Mention vintage Husqvarna dirt bikes, and the legendary Cross 400 immediately springs to mind. But Johan Nordin of 6/5/4 Motors has managed to get his hands on something even more rare and quirky.
He’s managed to score a Husqvarna 256—a bike that was developed in 1968 specifically for the Swedish defence force. Only a thousand were ever produced, and all of them were sold by the early 80s.
Johan’s named the bike ‘Thage,’ after his father. “I built this bike because my dad had one when he did his compulsory military service in the early 1970s,” says Johan. “And I’ve heard a lot of great stories of his winter adventures on the little bike with skis. Now I want to experience the same adventures.”
The 256’s two-stroke engine punches out an earth-shattering 15.4 horses, reined in by a four-speed box. But that’s not the best part: it actually comes with skis. And the operating procedure for the skis is the sketchiest we’ve ever come across…
“The skis automatically spring up if they are not pushed down,” explains Johan. “You push them down using your feet.” That makes changing gear difficult—so when the skis are down, you have to shift with a hand-lever that is attached to the gear lever.
“The gear lever is on the righthand side and the rear brake is on the left,” says Johan. “This is so that you can use the clutch with your left hand, and shift with your right.” Got that?
“When using the skis you can also disconnect the front brake cable and reconnect it, so it controls the rear brake instead.”
As scary as that sounds, it’s all part of the 256’s charm. Secondhand models are extremely hard to come by: “They’re usually owned by older men who did the mandatory military service back in the early 70s,” Johan tells us. “I guess this bike was the first motorcycle most of them came in contact with… and was also the only fun they had when doing their military service.”
As a result, owners typically hold on tight, and treat their 256s really well. This one was in great condition when Johan got it; a friend had bought it from an old-timer, with the intention of rebuilding it. “He became a father, so that was the end of that story,” says Johan. “So the bike was just standing, untouched, for a year, before I got to buy it from him.”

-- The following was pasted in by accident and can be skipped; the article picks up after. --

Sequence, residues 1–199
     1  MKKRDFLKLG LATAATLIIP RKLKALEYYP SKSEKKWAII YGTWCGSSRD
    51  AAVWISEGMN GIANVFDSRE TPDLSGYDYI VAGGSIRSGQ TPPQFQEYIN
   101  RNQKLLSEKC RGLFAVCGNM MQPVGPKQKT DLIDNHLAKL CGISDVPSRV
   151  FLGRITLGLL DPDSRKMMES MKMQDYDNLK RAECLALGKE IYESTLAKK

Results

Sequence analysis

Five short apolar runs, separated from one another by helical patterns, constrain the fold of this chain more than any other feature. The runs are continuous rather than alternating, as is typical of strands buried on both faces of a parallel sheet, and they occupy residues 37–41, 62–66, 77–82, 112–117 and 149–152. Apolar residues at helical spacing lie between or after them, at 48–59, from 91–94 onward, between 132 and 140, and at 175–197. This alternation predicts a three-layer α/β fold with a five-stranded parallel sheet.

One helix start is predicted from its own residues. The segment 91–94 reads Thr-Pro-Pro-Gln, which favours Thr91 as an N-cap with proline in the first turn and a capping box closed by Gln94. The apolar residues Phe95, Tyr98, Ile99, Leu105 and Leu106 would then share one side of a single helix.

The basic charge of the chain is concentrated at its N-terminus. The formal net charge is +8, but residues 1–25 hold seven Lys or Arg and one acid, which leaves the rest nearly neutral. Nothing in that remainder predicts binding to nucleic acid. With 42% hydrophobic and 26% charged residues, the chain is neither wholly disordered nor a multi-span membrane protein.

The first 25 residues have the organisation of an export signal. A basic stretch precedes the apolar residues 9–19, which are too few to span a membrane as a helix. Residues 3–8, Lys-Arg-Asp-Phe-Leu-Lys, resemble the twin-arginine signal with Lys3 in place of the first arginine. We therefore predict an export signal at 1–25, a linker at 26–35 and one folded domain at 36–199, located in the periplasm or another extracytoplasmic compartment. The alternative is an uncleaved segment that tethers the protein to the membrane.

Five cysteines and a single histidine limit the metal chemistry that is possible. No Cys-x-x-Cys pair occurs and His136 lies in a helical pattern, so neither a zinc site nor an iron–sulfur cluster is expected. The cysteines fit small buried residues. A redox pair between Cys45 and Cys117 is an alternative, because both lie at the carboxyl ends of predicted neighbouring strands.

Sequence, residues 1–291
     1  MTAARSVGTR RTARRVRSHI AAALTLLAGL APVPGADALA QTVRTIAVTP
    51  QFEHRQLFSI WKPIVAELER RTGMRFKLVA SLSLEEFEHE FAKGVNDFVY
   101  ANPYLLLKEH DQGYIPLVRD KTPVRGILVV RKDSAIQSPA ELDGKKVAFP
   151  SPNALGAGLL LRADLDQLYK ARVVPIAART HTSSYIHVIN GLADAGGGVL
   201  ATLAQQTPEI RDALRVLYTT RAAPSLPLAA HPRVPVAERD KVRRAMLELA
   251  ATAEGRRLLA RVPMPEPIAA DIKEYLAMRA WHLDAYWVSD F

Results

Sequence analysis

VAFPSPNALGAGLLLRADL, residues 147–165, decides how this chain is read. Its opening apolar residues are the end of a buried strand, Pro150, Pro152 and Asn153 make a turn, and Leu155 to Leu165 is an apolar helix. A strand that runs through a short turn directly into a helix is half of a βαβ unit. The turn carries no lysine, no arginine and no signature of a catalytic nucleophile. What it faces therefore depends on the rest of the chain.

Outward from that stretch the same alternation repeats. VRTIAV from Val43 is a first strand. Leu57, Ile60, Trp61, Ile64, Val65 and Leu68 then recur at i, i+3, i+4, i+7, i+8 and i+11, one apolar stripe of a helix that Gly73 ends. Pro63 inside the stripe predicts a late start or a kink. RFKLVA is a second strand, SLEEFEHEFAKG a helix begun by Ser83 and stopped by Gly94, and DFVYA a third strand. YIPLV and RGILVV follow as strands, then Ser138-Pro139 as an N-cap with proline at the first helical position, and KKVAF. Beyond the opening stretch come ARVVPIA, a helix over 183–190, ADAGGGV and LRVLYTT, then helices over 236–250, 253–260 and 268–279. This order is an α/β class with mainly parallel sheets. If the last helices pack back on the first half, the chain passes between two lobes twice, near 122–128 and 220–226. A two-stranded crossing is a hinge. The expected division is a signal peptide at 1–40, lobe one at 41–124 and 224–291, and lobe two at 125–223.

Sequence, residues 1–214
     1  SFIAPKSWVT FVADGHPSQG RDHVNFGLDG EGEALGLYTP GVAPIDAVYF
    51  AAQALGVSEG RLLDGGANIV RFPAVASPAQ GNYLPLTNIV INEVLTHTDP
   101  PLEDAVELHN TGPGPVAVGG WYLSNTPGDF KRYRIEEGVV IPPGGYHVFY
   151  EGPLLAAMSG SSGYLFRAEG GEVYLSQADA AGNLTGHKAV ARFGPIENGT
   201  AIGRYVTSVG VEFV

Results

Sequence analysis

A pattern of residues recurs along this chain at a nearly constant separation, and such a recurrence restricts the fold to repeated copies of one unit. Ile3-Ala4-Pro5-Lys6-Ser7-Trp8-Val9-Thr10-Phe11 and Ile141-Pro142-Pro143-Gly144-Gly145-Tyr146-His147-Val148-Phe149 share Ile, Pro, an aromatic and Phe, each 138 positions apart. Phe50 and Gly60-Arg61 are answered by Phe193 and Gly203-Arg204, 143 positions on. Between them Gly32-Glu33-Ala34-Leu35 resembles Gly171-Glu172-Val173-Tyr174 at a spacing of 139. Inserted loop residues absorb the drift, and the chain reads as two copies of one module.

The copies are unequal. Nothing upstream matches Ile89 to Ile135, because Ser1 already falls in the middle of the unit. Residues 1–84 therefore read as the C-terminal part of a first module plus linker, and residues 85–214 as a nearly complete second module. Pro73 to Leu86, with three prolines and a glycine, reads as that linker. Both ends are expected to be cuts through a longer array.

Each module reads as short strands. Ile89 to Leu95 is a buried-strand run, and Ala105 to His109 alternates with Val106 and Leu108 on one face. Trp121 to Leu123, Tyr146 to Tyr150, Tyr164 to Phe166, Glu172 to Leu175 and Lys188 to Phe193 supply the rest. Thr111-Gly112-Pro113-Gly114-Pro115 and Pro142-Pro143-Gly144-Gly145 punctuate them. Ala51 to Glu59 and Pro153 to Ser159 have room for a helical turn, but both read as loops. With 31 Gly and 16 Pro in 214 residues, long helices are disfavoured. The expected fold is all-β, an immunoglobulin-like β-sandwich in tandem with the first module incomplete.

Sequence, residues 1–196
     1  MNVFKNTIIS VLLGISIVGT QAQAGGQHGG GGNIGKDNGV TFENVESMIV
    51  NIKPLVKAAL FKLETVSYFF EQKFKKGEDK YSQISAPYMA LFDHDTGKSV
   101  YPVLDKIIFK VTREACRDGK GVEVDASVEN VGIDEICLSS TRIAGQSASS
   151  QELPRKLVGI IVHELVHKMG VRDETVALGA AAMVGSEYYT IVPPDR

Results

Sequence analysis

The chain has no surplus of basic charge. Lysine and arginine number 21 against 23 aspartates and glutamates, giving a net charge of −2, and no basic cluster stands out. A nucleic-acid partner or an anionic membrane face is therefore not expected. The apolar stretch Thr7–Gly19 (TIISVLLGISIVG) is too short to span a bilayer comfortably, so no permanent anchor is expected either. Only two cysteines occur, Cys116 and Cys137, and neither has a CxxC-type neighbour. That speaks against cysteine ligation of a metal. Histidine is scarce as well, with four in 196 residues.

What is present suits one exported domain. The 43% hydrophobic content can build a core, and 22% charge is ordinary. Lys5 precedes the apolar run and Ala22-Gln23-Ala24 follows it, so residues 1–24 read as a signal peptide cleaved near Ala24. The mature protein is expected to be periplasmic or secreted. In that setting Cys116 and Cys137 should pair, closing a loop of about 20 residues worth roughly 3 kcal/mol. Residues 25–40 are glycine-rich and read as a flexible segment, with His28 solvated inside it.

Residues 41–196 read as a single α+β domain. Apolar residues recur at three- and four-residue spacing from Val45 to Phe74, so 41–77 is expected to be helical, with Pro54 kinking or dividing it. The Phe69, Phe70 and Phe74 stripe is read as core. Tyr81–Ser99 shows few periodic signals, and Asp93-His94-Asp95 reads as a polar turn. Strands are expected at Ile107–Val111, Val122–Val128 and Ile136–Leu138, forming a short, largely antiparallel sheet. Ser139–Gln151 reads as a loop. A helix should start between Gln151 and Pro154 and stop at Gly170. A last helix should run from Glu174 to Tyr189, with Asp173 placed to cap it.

Like most military-issue vehicles, the Husky was originally very green, and very utilitarian. But Johan and his compadres at 6/5/4 have injected their usual brand of Scandinavian style.
The rear frame’s been lopped-n-looped, and there’s a more compact perch up top. The fenders are new too, but the front retains a lot of the original’s styling.
6/5/4 also fitted longer shocks, new drum brakes, and new Maxxis knobbies. Up front are a set of MX bars and grips, with a simple, classic switchgear setup. A small Bates-style headlight and a new LED tail light round out the parts list.
Johan took a look inside the engine’s top-end too, but everything looked mint. So he just fitted new gaskets and fasteners, and carried out a solid carb and clutch service. After much searching, he found the final piece of the puzzle: a decent exhaust system with a properly sized expansion chamber.
Naturally, the whole bike’s been given a new lick of paint, from the tank right down to the frame, engine and wheels. It’s a huge improvement over the stock drab, with a pair of killer ‘Thage’ graphics on the tank sending it comfortably over the top.
Still, one burning question remains: what are those skis like to operate?
“To be honest, I haven’t tried this one in the snow yet,” Johan admits. “But my dad has access to the successor of the 256—the 258, with an automatic gearbox—and that one I’ve tried…”
“Even with the automatic gearbox, it takes a while to get used to. So I imagine it will be hard to ride the manual 256.”
“I can’t wait to try it out in the snow though. I guess I’ll have to keep it until next winter!”
Please do. And then send us the pics.